Medicine. Fresh air. Exercise. Music. Friendship. Neurotherapy. All these were steps toward healing from the Bipolar, but the best healing of all came from God’s Word and prayer. I’m so glad my friend told me to read the Psalms. It sounds obvious, and yet I had missed it. And God was waiting there for me, with His healing ointment ready to be poured into my wounded spirit. And not just the Psalms, but all of God’s Word. However, in the case of depression, the book of Psalms is a very good place to start. David also suffered from chronic depression, and he knew where to turn when he was down. He didn’t turn to a psychiatrist or medicine. David talked to the Lord in prayer, and he sang songs of praise. He didn’t just read the Psalms—he wrote them, many of them anyway.

I told you at the beginning that I read Psalm 71 this morning, and it is my testimony of grace. I’m going to present in such a way as to show you how the Lord speaks to me through His Word. This is not so much a translation as an application of the psalm to my life personally. As you read it, think of how you could apply it to your own life. I left the verse numbers in so you can open your Bible and compare what I have here to the Word of God, if you so desire.

Psalm 71

1 In You, O Lord, do I put my trust: let me never again be put to confusion.
2 Deliver me in Your righteousness, and cause me to escape when my soul is troubled: hear my prayer, and save me.
3 Be my strong habitation, to which I may continually resort: You have given commandment to save me; for You are my rock and my fortress.
4 Deliver me, O my God, from these wicked thoughts, from my own unrighteous heart and cruel mind.
5 For You are my hope, O Lord GOD: You are my trust from my youth.
6 You have upheld me since birth; You are He who took me out of my mother’s womb. My praise shall be continually of You.
7 I am as a wonder to many because so many times I have escaped death; but You are my strong refuge, You are the One who sustained me every time.
8 Let my mouth be filled with Your praise and with Your honor all day long.
9 Cast me not off in the time of old age; forsake me not when my strength fails.
10 For I would not want those awful demons to torment me again,
11 Saying, “God has forsaken her: persecute and take her; for there is no help for her.”
12 O God, be not far from me: O my God, hurry to help me!
13 Let them be confounded and consumed that are enemies of my soul; let them be covered with reproach and dishonor that seek my hurt, whether real or imagined.
14 But I will hope continually, and will yet praise You more and more.
15 My mouth will show forth Your righteousness and Your salvation all day long; I don’t know how many days You have given me, but I know You have allowed me to live for a reason.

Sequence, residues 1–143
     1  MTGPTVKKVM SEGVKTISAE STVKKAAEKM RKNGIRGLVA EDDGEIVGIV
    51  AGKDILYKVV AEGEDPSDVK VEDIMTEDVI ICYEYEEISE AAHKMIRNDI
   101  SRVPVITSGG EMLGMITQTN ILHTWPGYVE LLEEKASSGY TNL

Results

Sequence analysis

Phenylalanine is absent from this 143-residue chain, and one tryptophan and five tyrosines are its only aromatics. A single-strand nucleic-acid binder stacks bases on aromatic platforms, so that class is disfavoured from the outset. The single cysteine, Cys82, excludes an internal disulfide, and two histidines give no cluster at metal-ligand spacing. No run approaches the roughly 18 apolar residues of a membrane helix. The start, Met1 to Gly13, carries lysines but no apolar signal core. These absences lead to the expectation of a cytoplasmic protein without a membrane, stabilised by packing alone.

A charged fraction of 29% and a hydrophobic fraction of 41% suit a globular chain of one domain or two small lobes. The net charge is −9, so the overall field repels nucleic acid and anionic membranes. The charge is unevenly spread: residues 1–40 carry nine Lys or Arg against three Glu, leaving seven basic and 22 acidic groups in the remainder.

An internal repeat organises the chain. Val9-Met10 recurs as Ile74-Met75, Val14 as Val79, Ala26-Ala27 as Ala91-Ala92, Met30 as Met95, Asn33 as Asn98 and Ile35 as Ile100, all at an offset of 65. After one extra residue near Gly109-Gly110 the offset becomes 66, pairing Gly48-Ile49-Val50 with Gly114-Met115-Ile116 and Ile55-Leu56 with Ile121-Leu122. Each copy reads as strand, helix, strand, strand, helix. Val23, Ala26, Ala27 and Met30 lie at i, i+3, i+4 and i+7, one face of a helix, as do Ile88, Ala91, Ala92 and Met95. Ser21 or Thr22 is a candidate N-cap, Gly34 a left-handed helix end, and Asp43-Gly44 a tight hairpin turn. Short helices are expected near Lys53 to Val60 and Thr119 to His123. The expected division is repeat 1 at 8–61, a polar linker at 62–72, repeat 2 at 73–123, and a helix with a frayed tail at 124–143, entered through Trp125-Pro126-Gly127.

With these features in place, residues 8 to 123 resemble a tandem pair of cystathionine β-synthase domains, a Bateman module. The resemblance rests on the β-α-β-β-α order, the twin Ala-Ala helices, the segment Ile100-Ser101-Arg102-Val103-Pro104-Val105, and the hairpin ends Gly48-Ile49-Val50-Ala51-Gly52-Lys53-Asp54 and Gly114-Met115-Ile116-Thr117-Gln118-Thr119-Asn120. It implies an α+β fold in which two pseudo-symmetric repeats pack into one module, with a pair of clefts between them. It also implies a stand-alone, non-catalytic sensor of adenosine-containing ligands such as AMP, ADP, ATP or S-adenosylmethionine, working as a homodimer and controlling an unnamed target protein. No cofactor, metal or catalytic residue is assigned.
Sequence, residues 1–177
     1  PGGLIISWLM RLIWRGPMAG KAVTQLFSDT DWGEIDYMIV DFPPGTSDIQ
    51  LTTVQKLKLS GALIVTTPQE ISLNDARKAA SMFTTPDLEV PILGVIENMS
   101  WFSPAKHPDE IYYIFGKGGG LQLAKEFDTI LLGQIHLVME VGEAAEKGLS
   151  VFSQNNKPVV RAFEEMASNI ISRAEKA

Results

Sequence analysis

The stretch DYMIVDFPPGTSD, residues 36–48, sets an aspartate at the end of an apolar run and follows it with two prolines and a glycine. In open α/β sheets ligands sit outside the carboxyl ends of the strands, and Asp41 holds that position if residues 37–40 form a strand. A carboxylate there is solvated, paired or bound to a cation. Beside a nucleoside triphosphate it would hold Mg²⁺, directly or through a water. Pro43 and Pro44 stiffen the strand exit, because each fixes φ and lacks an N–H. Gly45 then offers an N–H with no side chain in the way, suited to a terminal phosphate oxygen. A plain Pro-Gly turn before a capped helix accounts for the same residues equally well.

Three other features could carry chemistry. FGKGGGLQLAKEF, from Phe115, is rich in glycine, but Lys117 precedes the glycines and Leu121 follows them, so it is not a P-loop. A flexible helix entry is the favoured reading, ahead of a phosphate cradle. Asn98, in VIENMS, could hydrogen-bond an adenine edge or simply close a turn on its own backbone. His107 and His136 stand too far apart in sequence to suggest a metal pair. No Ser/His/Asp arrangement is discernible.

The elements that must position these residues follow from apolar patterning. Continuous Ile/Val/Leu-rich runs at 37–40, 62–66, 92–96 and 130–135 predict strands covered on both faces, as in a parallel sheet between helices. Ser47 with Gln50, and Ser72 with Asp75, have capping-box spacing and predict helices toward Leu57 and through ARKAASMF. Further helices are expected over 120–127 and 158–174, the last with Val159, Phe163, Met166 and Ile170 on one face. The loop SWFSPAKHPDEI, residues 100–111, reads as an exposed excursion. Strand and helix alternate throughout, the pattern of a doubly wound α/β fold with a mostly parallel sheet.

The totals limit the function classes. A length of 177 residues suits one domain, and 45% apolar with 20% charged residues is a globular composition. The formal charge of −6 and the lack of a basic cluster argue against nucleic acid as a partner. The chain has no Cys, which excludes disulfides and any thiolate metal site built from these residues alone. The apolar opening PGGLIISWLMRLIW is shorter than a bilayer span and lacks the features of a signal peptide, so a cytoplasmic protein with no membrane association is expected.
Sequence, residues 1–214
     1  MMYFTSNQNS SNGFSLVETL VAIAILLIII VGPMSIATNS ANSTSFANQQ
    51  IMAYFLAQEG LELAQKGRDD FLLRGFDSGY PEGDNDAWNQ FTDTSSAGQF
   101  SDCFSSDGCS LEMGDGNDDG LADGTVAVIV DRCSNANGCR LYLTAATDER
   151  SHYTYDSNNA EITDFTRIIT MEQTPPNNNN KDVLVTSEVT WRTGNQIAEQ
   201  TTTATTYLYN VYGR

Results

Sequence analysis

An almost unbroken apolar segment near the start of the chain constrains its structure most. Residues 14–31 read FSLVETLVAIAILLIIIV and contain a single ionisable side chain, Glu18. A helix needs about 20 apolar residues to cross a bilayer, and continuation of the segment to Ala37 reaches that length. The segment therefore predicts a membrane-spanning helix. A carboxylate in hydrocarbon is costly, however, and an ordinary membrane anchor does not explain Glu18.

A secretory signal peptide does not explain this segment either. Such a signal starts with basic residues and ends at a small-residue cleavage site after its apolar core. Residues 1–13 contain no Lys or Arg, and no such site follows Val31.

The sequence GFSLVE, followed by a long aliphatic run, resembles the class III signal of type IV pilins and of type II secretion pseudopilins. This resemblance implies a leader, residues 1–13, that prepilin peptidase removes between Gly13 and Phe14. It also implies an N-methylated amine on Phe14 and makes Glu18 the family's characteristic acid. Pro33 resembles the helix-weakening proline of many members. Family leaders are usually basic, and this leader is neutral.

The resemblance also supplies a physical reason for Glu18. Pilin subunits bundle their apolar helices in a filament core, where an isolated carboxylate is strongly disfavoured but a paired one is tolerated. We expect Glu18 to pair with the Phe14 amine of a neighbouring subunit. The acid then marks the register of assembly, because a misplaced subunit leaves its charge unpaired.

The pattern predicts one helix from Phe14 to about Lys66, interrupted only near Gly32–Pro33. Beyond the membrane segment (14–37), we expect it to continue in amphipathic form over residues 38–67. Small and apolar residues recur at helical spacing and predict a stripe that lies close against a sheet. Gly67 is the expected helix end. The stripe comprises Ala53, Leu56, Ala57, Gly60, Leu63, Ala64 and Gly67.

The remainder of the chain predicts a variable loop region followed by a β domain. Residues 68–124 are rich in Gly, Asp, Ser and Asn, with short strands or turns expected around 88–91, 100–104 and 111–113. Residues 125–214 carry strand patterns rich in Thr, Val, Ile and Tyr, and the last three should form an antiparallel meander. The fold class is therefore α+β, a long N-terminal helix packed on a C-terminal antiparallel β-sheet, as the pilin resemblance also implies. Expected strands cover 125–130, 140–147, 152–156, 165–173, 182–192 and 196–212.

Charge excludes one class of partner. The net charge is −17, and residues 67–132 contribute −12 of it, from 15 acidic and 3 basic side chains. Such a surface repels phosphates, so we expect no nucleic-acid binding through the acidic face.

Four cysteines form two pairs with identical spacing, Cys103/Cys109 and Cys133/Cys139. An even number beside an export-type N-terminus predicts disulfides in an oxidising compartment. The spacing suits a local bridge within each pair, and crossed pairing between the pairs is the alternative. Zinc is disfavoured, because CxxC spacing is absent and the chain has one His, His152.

16 I will go in the strength of the Lord GOD: I will make mention of Your righteousness alone, for I know that I have no righteousness of my own.
17 O God, You have taught me from my youth: and now I have declared Your wondrous works.
18 Now also when I am old and gray-headed, O God, forsake me not; until I have shown Your strength to this generation, and Your power to everyone who is to come.
19 Your righteousness also, O God, is exalted; You have done great things. O God, who is like unto You!
20 You, who have shown me great and sore troubles, shall quicken me again, and shall bring me up again from the depths of the earth.
21 You shall increase my greatness and comfort me on every side.
22 I will praise You on the piano, O my God. Unto You will I sing with the guitar, O Holy One of Israel.
23 My lips shall greatly rejoice when I sing to You; and my soul, which You have redeemed.
24 My tongue also shall talk of Your righteousness all day long: for the voices inside my head that told I was worthless, they are gone, they have been silenced.

This has been quite a bit longer than my usual post, but I tried to say only what needed to be said to give you as clear a picture as possible of where God found me and what He did for me. From time to time I’ll share other glimpses into my personal life, but only to give praise to God my Redeemer, for He alone is worthy. Please join me again on Monday for the rest of the Bipolar story. Thank you for reading.

¹Chorus of “God on the Mountain,” lyrics and music by Tracy Dartt.

²Original photo taken in the mountains of North Carolina, 2014.

³Line quoted from “Friendship” written by Dinah Maria Mulock Craik (1826-1887), originally published in her novel A Life for a Life (info from

6 thoughts on “The God in the Valley: A Bipolar Story

  1. What an inspiring post. I too have suffered from bipolar disorder 1 with psychosis since I was a very young child. I am 60 now and back when I was young mental health was not discussed. I have within the last year or 2 come back to God as I had given him up since I suffered so much and I also tried to commit suicide. While I was Godless for 40 years he was still with me. God bless you!

    Liked by 1 person

  2. Pingback: Neurotherapy: A Cure for Bipolar? | The Abundant Heart

  3. Pingback: Lifted Up ~ Psalm 30 | The Abundant Heart

  4. Pingback: Psalm 19: The Bible Is Enough | The Abundant Heart